• Day 4: The leftovers are yummy! I called four friends over for tea, and they all accepted, enjoyed the cake, and took slices home for their husbands!  (So far, I have cut sixteen slices from this cake, and there is one slice left in the refrigerator for my 23 year old twins to fight over.

 Black Forest Torte

Cake

  • 1 2/3 cups all-purpose flour (8 oz)
  • 2/3 cup cocoa powder (I had Hershey’s on hand, so that’s what I used)
  • 1 1/2 teaspoons baking soda
  • 1 teaspoon salt
  • 1/2 cup shortening
  • 1 1/2 cups sugar
  • 2 eggs
  • 1 teaspoon vanilla
  • 1 1/2 cups buttermilk

Mocha Buttercream Filling

  • 1/2 cup kirsch
  • 1/2 cup butter
  • 3 cups powdered sugar
  • 1/8 teaspoon salt
  •  1 1/2 teaspoons instant  espresso powder
  • 2 jars of pitted sour cherries, drained (I got mine at Trader Joes-1 1/2 lbs each, most supermarkets have  1 lb. cans of cherries in the canned fruit section) OR 1 1/2 lbs fresh black cherries, pitted

Whipped Cream Frosting

  • 3 cups heavy whipping cream
  • 1 teaspoon vanilla
  • 2-3 tablespoons  kirsch
  • 2 tablespoons dry milk powder (optional, but helps with stability of whipped cream icing)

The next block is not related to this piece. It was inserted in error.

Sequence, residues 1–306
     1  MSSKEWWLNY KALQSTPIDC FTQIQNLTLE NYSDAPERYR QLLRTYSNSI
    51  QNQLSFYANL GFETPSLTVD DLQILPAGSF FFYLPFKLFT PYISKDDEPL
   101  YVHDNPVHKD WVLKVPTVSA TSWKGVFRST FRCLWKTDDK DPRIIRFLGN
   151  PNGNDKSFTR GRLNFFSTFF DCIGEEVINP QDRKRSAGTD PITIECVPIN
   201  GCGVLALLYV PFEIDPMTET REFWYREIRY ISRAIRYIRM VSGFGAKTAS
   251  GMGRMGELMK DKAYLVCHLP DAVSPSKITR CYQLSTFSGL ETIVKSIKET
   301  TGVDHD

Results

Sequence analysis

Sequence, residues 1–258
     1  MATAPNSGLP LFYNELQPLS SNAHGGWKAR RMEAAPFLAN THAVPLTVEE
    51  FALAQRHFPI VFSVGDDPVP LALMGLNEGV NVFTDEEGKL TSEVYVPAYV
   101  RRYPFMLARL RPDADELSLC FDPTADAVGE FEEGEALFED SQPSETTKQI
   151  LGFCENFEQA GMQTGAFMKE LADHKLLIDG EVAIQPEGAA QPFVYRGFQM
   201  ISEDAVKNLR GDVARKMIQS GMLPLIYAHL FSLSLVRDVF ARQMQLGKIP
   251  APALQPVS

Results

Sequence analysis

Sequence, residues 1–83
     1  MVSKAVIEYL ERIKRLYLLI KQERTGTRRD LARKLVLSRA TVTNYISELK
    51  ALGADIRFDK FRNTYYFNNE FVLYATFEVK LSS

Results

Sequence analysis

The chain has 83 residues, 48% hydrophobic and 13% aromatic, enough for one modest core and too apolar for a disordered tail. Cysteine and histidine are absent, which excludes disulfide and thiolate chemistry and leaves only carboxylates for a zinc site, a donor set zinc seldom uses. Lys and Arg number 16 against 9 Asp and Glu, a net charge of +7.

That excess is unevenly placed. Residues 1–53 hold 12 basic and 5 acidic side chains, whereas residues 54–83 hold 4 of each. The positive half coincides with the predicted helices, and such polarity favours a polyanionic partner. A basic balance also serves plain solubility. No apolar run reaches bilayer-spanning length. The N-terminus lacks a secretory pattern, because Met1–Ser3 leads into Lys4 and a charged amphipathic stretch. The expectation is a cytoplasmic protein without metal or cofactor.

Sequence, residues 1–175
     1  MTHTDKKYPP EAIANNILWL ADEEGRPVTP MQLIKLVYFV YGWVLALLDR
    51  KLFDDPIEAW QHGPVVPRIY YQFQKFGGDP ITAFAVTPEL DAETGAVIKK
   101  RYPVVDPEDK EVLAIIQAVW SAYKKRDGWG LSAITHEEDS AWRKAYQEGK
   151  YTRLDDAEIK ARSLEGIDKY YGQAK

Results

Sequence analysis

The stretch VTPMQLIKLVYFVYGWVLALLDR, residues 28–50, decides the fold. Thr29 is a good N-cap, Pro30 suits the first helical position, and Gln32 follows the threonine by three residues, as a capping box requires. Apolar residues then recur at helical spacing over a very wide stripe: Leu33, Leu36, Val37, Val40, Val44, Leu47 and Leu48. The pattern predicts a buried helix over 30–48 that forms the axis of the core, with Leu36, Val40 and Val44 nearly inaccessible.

• 1/3 cup powdered sugar

Chocolate Garnish

  • One large, 3.5-4 oz. dark chocolate bar, grated or curled

DIRECTIONS

  1.  Drain the cherries then soak them in 1/2 cup Kirsch overnight. Discard the cherry juice UNLESS you want to make a non-alcoholic cake.  If you want a non-alcoholic cake (like, if children will be eating it) use the cherry juice  from the cherries instead of the Kirsch and proceed as outlined below.
  2. Preheat the oven to 350°F
  3. Drain the cherries from the Kirsh.  RESERVE the liquid!  Most of the liquid will be poured over the hot cakes. Reserve 2 tablespoons of the liquid for the filling.
  4. Line the bottom of two 9 inch round cake pans with parchment. Spray the sides with “Pam for Baking”, or grease with a bit of butter or oil.
  5. Sift the dry cake ingredients together and set aside.
  6. With an electric mixer beat the shortening to soften, then add the sugar.  Beat for six minutes or until the shortening-sugar mixture is light and fluffy.
  7. Add the eggs, one at a time and mix well.  Stir in the vanilla.
  8. Add one-third of the dry ingredients to the sugar mixture and beat to combine. Add half of the buttermilk. Beat to combine. Add another one-third of the dry ingredients and beat to combine.  Add remaining buttermilk.  Beat to combine.  Finally, add the last of the dry ingredients and beat well. alternately with the buttermilk and mix well.
  9. Pour batter into the prepared cake pans.
  10. Bake in preheated 350 oven for approx. 25 minutes or until a cake springs back when touched.
  11. Remove the cakes from the oven.  Leave the cakes in the pans and immediately and slowly, pour some of the reserved Kirsch-cherry juice mixture over both cakes. Let the Kirsch soak in, then repeat until all but 2 tablespoons of the Kirsch-cherry liquid has been used. (The remaining 2 tablespoons liquid will be used in the filling)